Former first baseman in Major League Baseball best known for his years with the San Francisco Giants from 1986 to 1993. Clark was known by the nickname of "Will the Thrill." The nickname has often been shortened to simply “The Thrill.”
After a sensational career at Jesuit High School in New Orleans, Clark attended Mississippi State University, where he continued to flourish. Clark was inducted into the Mississippi State University Hall of Fame in 2003. Clark was inducted into the College Baseball Hall of Fame in 2006. He was inducted into the Bay Area Sports Hall of Fame on April 26, 2007 and the Mississippi Sports Hall of Fame on August 1, 2008. He currently works in the San Francisco Giants front office after spending five seasons as an advisor for the Arizona Diamondbacks.
Clark played a starring role for the 1984 U.S. Olympic team. During the five-game Olympic tournament, Clark led the team in batting average (.429), hits (9), runs batted in (8) and tied for the team lead in home runs (3).
Playing for Mississippi State University, Clark was noted for his oft-imitated "sweet swing," said to be among the best in baseball. In 1985, The Sporting News named Clark an All-American and he later won the Golden Spikes Award from USA Baseball as the best amateur baseball player in the country. A teammate of Rafael Palmeiro, the two were known as "Thunder and Lightning."
Clark was drafted with the second overall pick in the 1985 Major League Baseball draft by the San Francisco Giants. In his inaugural major league at-bat on April 8, 1986, Clark debuted with a home run—off future Hall of Fame member Nolan Ryan. A few days later, Clark also homered in his first home game at Candlestick Park (he debuted at age 22, wearing the number 22, playing first base). An elbow injury cost Clark 47 games in his rookie season. Clark finished his rookie year with a respectable .287 batting average.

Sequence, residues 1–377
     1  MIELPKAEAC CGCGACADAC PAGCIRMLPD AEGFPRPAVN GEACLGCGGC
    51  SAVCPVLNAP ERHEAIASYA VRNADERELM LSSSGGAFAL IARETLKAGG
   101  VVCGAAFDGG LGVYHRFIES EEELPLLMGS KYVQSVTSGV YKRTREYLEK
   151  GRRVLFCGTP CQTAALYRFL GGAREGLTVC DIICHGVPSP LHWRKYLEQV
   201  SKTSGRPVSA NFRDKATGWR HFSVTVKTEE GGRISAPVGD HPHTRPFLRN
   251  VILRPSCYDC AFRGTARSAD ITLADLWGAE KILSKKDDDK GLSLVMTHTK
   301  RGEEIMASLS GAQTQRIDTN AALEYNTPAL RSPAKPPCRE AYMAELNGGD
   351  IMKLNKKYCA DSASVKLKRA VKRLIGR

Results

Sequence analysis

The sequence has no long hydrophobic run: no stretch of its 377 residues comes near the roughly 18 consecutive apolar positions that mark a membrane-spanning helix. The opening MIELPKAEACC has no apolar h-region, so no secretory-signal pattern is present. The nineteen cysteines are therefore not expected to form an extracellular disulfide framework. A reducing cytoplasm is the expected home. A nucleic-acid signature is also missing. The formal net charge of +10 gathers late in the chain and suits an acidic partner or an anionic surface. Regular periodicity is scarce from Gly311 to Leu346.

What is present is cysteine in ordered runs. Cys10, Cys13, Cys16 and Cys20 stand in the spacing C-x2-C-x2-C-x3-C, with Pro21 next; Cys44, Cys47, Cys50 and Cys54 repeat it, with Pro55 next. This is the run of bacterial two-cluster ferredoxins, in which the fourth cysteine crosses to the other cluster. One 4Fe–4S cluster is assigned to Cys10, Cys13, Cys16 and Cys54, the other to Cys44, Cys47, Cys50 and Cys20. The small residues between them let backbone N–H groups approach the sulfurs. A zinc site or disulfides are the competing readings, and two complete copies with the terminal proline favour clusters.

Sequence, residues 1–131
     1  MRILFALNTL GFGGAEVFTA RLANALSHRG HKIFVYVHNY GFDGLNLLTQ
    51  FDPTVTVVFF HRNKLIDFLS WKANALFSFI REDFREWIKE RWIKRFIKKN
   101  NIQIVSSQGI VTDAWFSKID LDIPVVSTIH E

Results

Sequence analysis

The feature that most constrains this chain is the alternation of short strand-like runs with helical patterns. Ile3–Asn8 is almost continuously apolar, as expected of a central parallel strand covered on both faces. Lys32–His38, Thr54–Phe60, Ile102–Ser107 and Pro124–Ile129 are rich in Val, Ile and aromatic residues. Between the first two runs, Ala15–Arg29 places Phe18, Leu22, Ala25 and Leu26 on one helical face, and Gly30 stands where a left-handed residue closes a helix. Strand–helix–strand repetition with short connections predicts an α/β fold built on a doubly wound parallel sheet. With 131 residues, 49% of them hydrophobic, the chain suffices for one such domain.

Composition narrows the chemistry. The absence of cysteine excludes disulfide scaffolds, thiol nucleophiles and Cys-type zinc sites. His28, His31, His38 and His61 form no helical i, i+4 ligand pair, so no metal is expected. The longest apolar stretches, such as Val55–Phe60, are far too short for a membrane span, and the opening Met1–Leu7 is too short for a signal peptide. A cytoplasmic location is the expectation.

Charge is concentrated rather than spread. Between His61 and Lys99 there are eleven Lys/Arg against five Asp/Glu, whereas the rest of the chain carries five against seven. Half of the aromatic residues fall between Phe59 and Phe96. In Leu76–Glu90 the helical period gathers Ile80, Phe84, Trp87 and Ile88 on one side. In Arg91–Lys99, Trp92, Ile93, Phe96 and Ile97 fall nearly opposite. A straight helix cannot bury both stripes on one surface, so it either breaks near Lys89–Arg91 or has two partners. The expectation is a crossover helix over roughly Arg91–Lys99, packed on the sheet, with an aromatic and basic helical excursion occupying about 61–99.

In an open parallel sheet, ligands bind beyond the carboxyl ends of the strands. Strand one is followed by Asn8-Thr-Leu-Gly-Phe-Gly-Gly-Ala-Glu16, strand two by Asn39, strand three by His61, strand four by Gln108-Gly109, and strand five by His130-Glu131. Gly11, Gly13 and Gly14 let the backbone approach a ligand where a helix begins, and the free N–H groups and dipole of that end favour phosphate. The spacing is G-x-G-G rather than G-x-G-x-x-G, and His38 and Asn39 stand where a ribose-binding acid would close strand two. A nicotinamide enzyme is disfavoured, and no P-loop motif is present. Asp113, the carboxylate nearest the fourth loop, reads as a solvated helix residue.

Over the next six seasons, Clark would establish himself as the premier first baseman in the National League. In his first full season in 1987, Clark had a .308 batting average. Clark was voted the starting first baseman for the NL All-Star team every season from 1988 through 1992. In 1988, Clark was the first Giants' player to drive in 90 or more runs in consecutive seasons since Bobby Murcer from 1975-1976.
His finest season was in 1989, when he batted .333 (losing the batting title to Tony Gwynn on the final day of the season) with 111 RBI. Clark finished second in the NL Most Valuable Player voting. In 1989, Clark and the Giants defeated the Chicago Cubs in the National League Championship Series. In Game 1, Clark had already hit a solo home run. Prior to a subsequent at-bat, Cubs' catcher Rick Wrona went to the mound to discuss with Greg Maddux how to pitch to Clark. From the on-deck circle, Clark watched the conversation and read Greg Maddux's lips saying "fastball high, inside." The first pitch was a fastball high and inside which Clark sent into the street beyond right field for a grand slam. Afterwards, pitchers began to cover their mouths with their gloves when having conversations on the pitcher's mound.